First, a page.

Baguette and bread recipes in general are usually synonymous with “difficult to make.” This baguette recipe is the easiest on the internet, while remaining fantastically delicious.
If there’s anything that beats homemade baguettes straight out of the oven, let me know. Crispy, chewy crust and soft interior…you’ll have a French bakery in your own kitchen!
What is a Baguette?
A baguette is a long, thin, and cylindrical French bread with a crisp crust and a soft, airy interior. It is one of the most iconic types of bread in France and is widely recognized around the world. Traditional baguettes are made from simple ingredients, including flour, water, yeast, and salt. The elongated shape of the baguette allows for a greater crust-to-crumb ratio, resulting in a crisp, chewy exterior and a soft crumb.
Baguettes are best enjoyed fresh out of the oven and can be served alongside meals like Chicken and Rice Soup or Dad’s Split Pea Soup with Ham, used for sandwiches like an Egg Salad sandwich, or paired with various savory or sweet spreads like Mom’s Homemade Strawberry Preserves.
- Bread flour – bread flour, having a higher protein content compared to all-purpose flour, is well-suited for yeast-based bread recipes like baguettes. Bread flour promotes increased gluten formation, resulting in a chewier and more structured baguette.
- Water – water needs to be between 120-130 degrees Fahrenheit to activate the instant yeast. Microwave your water slowly to reach that temperature, stirring water and testing with a thermometer.
- Instant yeast – buy instant yeast instead of dry active yeast. Instant yeast eliminates the need for proofing and reduces the rise time.
- Salt – salt enhances flavor, strengthens the dough, and improves the texture of the baguette.
No fancy equipment is needed to make these easy baguettes!
- Stand mixer: while you can make baguettes by hand, a stand mixer makes baguette making so much easier.
- Large baking sheet: a large baking sheet will be used to bake your baguettes.
- Parchment paper: parchment paper will help baguettes not stick to the baking sheet.
- Medium bowl: a medium bowl will house dough while it rises.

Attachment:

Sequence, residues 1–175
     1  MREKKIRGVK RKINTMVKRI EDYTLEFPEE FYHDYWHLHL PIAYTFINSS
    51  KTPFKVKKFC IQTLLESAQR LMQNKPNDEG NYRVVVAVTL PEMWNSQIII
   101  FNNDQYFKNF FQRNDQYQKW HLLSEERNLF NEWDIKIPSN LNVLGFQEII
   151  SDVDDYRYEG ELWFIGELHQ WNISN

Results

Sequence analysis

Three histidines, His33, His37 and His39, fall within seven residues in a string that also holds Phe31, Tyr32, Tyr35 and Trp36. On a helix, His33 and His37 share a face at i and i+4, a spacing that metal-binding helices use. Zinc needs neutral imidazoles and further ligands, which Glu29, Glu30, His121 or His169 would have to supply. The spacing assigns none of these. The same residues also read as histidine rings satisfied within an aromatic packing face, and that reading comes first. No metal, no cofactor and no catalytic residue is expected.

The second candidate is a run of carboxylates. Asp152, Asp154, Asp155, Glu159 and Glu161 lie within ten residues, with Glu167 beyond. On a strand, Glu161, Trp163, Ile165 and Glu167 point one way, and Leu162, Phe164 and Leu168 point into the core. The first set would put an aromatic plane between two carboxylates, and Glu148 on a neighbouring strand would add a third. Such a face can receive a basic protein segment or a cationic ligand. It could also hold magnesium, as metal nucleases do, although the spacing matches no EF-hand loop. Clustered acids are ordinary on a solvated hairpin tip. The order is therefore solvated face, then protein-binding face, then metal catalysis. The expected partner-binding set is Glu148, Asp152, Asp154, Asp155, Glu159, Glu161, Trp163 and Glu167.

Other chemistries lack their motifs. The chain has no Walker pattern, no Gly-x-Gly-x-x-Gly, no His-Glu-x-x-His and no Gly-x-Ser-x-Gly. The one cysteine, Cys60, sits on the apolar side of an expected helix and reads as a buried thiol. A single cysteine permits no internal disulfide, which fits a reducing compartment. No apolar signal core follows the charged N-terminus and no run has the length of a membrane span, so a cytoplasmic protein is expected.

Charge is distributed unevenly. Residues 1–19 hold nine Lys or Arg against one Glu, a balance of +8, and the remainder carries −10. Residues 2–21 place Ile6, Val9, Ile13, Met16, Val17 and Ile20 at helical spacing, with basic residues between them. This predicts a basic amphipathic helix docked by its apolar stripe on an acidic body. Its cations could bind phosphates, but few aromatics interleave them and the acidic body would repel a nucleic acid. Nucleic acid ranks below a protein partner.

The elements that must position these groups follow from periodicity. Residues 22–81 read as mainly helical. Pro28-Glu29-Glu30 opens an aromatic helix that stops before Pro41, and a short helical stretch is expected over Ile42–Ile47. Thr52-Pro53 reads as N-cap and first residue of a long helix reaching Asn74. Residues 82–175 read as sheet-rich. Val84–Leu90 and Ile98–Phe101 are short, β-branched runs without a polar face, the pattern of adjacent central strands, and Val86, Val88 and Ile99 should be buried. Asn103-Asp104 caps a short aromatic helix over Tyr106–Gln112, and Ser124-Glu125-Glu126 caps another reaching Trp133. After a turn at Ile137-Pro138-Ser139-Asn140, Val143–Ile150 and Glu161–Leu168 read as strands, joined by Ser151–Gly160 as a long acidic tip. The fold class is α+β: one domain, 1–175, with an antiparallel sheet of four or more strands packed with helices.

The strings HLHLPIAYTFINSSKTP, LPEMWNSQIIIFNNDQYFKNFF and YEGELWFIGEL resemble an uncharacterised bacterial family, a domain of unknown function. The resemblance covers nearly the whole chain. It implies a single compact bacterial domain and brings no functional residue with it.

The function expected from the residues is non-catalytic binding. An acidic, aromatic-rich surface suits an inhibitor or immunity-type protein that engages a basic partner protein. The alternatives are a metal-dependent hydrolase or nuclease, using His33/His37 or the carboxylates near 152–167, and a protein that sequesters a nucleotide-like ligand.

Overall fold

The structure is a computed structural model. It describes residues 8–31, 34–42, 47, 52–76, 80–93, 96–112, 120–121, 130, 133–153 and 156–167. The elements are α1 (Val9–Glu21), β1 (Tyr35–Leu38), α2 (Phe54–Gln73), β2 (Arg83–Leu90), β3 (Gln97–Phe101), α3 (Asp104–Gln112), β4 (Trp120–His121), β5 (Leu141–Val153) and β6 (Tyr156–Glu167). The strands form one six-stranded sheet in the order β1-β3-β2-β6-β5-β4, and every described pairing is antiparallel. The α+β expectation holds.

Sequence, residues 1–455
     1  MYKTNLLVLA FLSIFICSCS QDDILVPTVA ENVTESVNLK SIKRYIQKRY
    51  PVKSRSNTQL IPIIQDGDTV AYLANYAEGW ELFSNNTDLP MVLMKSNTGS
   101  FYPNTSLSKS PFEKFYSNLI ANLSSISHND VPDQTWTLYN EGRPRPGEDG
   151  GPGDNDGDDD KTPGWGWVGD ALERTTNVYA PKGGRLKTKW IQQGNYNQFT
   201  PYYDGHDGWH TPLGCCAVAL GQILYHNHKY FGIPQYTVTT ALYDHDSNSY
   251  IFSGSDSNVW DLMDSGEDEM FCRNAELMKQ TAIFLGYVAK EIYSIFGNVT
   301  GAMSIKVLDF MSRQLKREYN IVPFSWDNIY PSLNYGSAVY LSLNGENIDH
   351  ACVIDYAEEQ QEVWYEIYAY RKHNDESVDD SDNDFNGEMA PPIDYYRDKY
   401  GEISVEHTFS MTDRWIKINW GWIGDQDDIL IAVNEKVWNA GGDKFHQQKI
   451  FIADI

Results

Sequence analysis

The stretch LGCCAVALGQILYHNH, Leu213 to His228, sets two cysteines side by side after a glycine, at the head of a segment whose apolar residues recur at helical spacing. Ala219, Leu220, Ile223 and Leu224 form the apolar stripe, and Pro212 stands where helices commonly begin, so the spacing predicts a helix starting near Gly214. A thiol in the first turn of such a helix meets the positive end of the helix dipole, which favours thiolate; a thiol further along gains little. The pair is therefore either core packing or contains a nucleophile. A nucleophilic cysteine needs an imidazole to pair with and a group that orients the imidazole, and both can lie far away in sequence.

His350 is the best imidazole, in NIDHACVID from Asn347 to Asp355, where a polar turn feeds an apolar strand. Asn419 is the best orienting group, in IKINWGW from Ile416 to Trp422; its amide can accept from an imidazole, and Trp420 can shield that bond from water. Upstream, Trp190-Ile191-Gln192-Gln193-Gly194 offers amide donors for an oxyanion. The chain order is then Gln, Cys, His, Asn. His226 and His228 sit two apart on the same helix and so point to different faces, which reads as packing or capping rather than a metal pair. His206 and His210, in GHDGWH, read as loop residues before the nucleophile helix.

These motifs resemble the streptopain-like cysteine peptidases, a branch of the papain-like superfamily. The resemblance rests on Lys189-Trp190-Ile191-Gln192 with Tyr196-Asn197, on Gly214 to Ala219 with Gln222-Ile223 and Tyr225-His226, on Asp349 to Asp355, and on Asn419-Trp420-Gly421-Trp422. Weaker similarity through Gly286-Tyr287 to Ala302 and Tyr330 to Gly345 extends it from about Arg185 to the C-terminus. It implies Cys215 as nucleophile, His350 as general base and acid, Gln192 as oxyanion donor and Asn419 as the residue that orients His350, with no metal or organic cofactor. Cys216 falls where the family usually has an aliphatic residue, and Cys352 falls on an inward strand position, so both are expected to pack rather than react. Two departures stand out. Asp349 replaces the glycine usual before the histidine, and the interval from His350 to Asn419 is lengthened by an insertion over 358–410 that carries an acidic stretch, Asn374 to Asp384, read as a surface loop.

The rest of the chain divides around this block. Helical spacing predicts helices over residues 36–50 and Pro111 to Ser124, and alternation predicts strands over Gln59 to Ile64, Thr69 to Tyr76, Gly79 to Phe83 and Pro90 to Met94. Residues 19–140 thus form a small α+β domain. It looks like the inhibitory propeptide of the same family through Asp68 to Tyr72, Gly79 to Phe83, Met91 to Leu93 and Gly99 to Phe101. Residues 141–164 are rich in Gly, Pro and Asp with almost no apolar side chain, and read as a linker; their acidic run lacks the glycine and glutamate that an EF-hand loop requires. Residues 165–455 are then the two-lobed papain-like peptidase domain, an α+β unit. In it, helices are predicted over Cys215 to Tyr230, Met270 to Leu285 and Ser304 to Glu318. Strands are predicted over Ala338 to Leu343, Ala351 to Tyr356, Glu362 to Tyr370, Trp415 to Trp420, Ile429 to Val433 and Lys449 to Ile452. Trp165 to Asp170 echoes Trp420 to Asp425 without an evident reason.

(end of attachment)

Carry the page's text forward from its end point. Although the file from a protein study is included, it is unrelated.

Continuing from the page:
- Thermometer: a thermometer is needed to test water temperature.
- Microwave: a microwave is a quick way to warm water.
How to Make Baguette
Full instructions in the recipe card; this is just an outline!
In the bowl of a stand mixer, combine flour, yeast, and salt using the whisk attachment.
Microwave water until it reaches 120-130 degrees, testing it with a thermometer every 15 seconds.
Switch to the dough hook attachment and add the warm water in a steady stream, kneading the dough on low speed for 5 minutes.
Lightly grease a bowl with flavorless oil, place the sticky dough inside, and seal the bowl shut with plastic wrap and a kitchen towel. Let it rise in a 75-80 degree, dark space for 1 hour.
Flip a large baking sheet upside down, lay parchment paper on it, and lightly flour the parchment.
After the hour, deflate the risen dough, divide it into 2 balls, and stretch each into a long baguette shape. Place the baguettes on the lined baking sheet, far apart from each other.
Let the baguettes rise for an additional 30 minutes under a kitchen towel in a 75-80 degree, dark space.
Preheat the oven to 450 degrees and make diagonal slashes on each baguette using a sharp knife.
Bake the baguettes on the upside down, parchment-lined baking sheet at 450 degrees for 18-22 minutes, or until golden and hollow sounding when tapped.
Place the baked baguettes on a wire rack to cool. Or enjoy!
Baguette Recipe Tips
- Measure flour accurately by spooning it into a dry cup and leveling off the excess.
- Bread flour has higher protein content, ideal for yeast-based bread recipes, resulting in a chewier, more authentic baguette.
- Use INSTANT yeast (no proofing needed, shorter rise time).
- Baguette dough is very hydrated. Flour hands well when handling.
- Maintain ideal baguette rising temperature (75-80°F). Seal bowl, cover with towel, and place in a warm room.
- A stand mixer is recommended for handling the sticky dough.
- For short-term storage, keep baguette at room temperature in a paper bag or loosely wrapped in a towel. For longer storage, wrap tightly in aluminum foil.
Baguette Serving Suggestions
Here are my favorite ways to serve baguettes:
- Classic baguette with butter or Mom’s Strawberry Preserves
- Sandwiches with various fillings like meats, cheeses and veggies or Egg Salad
- Bruschetta on sliced baguettes with fresh tomatoes and basil, or Tuna Avocado Toast
- Charcuterie board with baguette slices toasted like this Crostini recipe
- French Onion Soup layered with baguette and melted Gruyere
- Garlic Bread made from baguette
- Baguette with savory dips like Easy Beer Cheese
- Served with soup or salad like Chicken and Rice Soup, Split Pea Soup with Ham, or Green Goddess Salad
- Baguette with pâté for a luxurious snack